Daily updates on this story were paused on Aug. 20 with Ohtani's .306 batting average trailing a few elite American League hitters. (Ohtani led the AL at that time with 43 homers and was three RBIs off the pace with 89.) Updates will resume if Ohtani mounts a strong Triple Crown threat down the stretch.
Just about everything Shohei Ohtani does makes history, which speaks to the two-way star's unprecedented combination of skills.
As the end of the 2023 season draws nearer, Ohtani has a lot of individual achievements in his sights -- in addition to the Angels' first playoff appearance since 2014. He is the overwhelming favorite to win his second American League MVP Award in three years. He has a shot at Aaron Judge's AL record of 62 home runs, set just last year. And then there is the Triple Crown.
Ohtani is looking to become only the second player in the past 56 seasons to lead the AL or NL in batting average, home runs and RBIs in the same season, and MLB.com is tracking his progress along the way.
AL ranks (through Aug. 20)
Note: Seager and Bichette, who were sidelined by injury for a portion of the season, need 502 plate appearances (3.1 per team game) to officially qualify. If they fail to reach 502 PAs, they can still win the batting title, but rules stipulate that in order to do so every plate appearance short of 502 is treated as a hitless at-bat.
Home run pace (through Aug. 20)
Ohtani HR: 43 through 125 team games
Judge in 2022: 48 through 125 team games
Past Triple Crowns
Here are the all-time greats Ohtani would join if he pulls off the feat. Since RBIs became an official stat in 1920, just 10 different AL/NL players have won a Triple Crown, with two multiple-time winners. There's been only one Triple Crown in the Divisional Era (since 1969).
Triple Crown winners
2012: Miguel Cabrera, Tigers (AL)
1967: Carl Yastrzemski, Red Sox (AL)
1966: Frank Robinson, Orioles (AL)
1956: Mickey Mantle, Yankees (AL)*
1947: Ted Williams, Red Sox (AL)
1942: Ted Williams, Red Sox (AL)*
1937: Joe Medwick, Cardinals (NL)
1934: Lou Gehrig, Yankees (AL)*
1933: Jimmie Foxx, Athletics (AL)
1933: Chuck Klein, Phillies (NL)
1925: Rogers Hornsby, Cardinals (NL)*
1922: Rogers Hornsby, Cardinals (NL)
* = Led all AL/NL players in all three categories
Note: Six players led the AL or NL in all three Triple Crown categories before RBIs became an official statistic.
Recent close calls
In the seasons since Cabrera won the Triple Crown in 2012, several star sluggers have been pursuing a Triple Crown down the stretch -- including Aaron Judge and Vladimir Guerrero Jr. the past two seasons. Here are six recent players who came up just short.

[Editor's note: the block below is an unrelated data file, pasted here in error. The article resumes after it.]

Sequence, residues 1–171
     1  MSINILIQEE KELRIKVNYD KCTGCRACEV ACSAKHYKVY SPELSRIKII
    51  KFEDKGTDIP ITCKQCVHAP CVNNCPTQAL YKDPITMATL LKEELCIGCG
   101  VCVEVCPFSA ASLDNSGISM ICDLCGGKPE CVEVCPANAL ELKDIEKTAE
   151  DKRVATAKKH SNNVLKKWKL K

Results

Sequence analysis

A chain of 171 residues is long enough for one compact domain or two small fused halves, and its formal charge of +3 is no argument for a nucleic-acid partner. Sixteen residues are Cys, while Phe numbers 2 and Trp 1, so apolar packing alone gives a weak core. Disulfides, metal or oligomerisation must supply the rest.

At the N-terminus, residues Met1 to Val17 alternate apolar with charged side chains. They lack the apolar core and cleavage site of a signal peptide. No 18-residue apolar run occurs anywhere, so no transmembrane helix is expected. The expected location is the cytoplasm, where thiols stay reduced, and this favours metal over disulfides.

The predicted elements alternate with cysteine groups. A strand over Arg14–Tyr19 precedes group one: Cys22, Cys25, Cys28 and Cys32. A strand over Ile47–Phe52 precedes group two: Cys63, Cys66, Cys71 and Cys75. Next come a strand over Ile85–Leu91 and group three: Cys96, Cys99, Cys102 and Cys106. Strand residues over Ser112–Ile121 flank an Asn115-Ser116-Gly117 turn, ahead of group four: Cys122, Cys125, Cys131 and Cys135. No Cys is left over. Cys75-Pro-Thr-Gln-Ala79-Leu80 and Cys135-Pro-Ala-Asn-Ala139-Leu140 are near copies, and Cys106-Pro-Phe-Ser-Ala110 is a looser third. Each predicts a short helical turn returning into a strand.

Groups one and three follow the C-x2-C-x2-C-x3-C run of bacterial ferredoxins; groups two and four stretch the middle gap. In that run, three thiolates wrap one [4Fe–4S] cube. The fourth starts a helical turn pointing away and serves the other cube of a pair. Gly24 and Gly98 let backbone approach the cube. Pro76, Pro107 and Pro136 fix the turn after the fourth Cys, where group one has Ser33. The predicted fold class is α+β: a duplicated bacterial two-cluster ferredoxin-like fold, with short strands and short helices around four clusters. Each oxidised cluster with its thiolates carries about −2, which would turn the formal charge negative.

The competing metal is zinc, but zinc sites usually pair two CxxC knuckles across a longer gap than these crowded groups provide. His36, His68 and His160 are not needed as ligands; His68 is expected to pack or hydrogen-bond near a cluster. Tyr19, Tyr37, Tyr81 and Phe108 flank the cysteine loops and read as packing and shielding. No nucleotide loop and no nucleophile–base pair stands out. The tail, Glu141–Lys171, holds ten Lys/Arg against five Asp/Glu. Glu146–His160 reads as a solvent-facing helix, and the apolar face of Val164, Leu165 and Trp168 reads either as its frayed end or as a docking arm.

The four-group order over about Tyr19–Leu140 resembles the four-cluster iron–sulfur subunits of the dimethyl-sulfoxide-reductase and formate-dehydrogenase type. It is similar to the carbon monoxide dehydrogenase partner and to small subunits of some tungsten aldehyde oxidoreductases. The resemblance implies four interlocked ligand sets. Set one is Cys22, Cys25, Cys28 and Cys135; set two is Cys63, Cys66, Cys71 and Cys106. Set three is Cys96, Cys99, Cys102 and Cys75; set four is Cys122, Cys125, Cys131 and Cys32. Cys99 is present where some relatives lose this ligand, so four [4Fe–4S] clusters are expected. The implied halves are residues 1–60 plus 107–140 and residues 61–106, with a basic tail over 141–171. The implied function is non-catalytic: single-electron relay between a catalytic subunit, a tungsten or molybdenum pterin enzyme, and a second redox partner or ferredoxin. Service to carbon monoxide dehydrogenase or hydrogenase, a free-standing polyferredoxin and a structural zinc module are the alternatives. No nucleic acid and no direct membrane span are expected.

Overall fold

• Aaron Judge (2022, AL): Most of the focus was on Judge hitting 62 home runs -- 22 more than any other AL player -- but he made a serious run at the Triple Crown, too. Judge won the AL RBI title with 131 and hit .380 from Sept. 1 on to challenge Luis Arraez for the batting crown up to the final day. Ultimately, he finished five points short (.316 to .311).
• Vladimir Guerrero Jr. (2021, AL): Vlad Jr.'s Triple Crown push was a big storyline in the MVP race against Ohtani (the eventual winner), but although he tied for the AL home run crown with 48, he finished second in batting average (.311, behind Yuli Gurriel's .319) and fifth in RBIs (111, 10 behind league leader Salvador Perez).
• Marcell Ozuna (2020, NL): Ozuna led in home runs and RBIs during the shortened season, but his .338 average put him third, behind the Nationals’ Juan Soto (.351) and Braves teammate Freddie Freeman (.341).
• Christian Yelich (2018, NL): Yeli's NL MVP campaign for the Brewers featured a batting title and narrow misses in homers (36, two behind Nolan Arenado) and RBIs (110, one behind Javier Báez).
• J.D. Martinez (2018, AL): Martinez was the AL RBI champ and finished second in both homers (43, five behind Khris Davis) and batting average (.330, 16 points behind Red Sox teammate Mookie Betts).
• Miguel Cabrera (2013, AL): Miggy nearly won two straight Triple Crowns, bringing home the batting title but finishing nine homers and one RBI behind Orioles slugger Chris Davis.
Three things to know about Ohtani's Triple Crown chase
• Ohtani not only would become the first Angels player to win a Triple Crown but also the first player from any expansion franchise.
• Ohtani, of course, is doing some fine work as a pitcher as well, which makes his offensive exploits all the more impressive. Of the 10 previous official Triple Crown winners, none made even a single appearance on the mound in that season.
• An Ohtani Triple Crown would extend the AL’s run of Triple Crowns since the last one was won in the NL to seven. The last time an NL player won the Triple Crown was 86 years ago, when the Cardinals’ Medwick won it in 1937.